Seventh peak!
This image shows the author and her husband on Paryeongsan's eighth peak. He is smiling into the camera but squinting at the bright sunlight in the bottom left. The author is standing bent over, embracing the summit stele, high up on the rocky peak.
Eighth peak!

Finally, we arrived on the gentler slopes of the final peak beyond the rocky bongs. This was the highest peak in the park, and with its position slightly off to the side of the rocky ridge, we had incredible views of the mountain spine we’d just traversed. We relaxed on the flat, grassy surface of this broad peak, gazing back over the eight lovely peaks in one direction, and down at the sea in the other. It was a stunning place, and I never wanted to leave.

An image taken from Gitdaebong, looking back at the steep, rocky peaks rising out of the forest. Each peak is a distinct and separated from the others, separated by tracts of forest and steep cliffs.
The eight peaks of Paryeongsan
An image of the author, seated on some flat rocks. She is holding her knees to her chest and looking at the camera. Behind her, the mountain slopes run down into the sea. Little dark green islands rise out of the sea into a bright white sky.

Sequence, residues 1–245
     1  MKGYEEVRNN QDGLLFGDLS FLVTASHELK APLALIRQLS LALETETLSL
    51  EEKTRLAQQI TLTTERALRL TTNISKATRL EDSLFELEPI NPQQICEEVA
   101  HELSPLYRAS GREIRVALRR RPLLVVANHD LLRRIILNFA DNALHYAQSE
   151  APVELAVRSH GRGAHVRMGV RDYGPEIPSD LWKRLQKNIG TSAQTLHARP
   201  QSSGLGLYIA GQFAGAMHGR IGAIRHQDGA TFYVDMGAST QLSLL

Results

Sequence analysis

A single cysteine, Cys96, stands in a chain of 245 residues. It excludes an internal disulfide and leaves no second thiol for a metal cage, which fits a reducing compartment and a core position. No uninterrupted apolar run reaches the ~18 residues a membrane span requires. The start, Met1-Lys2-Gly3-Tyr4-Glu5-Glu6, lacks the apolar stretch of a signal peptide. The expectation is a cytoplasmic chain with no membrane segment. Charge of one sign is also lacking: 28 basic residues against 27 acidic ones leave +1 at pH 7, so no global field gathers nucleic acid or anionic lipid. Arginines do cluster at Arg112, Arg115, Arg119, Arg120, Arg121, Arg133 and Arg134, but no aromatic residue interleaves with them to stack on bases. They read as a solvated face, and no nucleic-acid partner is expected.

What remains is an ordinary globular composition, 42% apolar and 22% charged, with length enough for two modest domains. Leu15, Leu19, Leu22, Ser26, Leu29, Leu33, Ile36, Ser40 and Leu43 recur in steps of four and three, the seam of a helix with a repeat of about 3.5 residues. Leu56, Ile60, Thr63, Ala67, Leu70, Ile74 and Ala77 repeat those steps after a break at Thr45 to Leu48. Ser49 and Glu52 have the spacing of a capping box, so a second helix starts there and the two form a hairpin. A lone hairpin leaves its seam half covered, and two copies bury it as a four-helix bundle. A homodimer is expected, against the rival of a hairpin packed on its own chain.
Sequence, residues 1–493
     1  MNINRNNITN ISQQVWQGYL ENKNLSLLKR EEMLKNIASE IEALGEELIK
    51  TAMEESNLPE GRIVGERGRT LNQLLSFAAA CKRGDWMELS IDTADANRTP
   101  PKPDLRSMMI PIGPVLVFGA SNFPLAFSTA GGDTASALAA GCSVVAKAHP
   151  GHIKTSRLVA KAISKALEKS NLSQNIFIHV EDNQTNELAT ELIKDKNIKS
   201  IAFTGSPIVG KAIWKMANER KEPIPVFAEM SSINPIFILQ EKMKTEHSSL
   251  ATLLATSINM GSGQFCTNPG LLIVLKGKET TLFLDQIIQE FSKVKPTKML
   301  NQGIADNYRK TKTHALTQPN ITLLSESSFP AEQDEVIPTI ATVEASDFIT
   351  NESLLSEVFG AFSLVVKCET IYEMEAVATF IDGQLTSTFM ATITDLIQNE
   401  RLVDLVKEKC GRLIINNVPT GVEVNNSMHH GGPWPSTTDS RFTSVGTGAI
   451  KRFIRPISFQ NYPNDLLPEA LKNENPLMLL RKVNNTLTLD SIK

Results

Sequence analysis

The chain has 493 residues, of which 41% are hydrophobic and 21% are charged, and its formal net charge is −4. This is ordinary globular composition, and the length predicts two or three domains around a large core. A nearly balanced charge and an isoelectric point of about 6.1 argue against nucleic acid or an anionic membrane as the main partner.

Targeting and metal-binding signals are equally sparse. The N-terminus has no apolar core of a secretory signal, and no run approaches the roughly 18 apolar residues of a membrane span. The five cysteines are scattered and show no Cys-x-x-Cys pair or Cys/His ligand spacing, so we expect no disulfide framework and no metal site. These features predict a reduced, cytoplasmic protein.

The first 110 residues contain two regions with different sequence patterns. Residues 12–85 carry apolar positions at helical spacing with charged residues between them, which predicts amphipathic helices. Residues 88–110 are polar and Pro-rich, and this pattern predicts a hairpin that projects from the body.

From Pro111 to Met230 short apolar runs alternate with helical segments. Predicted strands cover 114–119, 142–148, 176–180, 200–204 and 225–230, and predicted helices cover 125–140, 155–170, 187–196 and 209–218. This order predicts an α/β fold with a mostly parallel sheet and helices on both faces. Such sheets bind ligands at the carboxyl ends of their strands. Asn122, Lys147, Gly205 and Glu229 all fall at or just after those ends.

Dadohaehaesang views

When at last we did, we were motivated by the idea of exploring literally every trail in the park. That meant a descent into the forest parallel to the high trail over the peaks. In the forest, our hike took on a completely different character! It was cool and damp, with moss and fungi growing in abundance. We found little frogs and big toads, and wandered among tall, lime-green bamboo shoots.

Then, to our delight, we found a climb to another peak! And what a view it had! We could see all the jagged pinnacles we’d clambered around earlier in all their rugged glory. Although I normally cling to my favorite experiences furiously, after half an hour spent in contemplation, I acknowledged that we’d just had the best experience. Back down the slopes near where we started, we strolled slowly through the grounds of a beautiful little temple, before bidding this incredible park goodbye.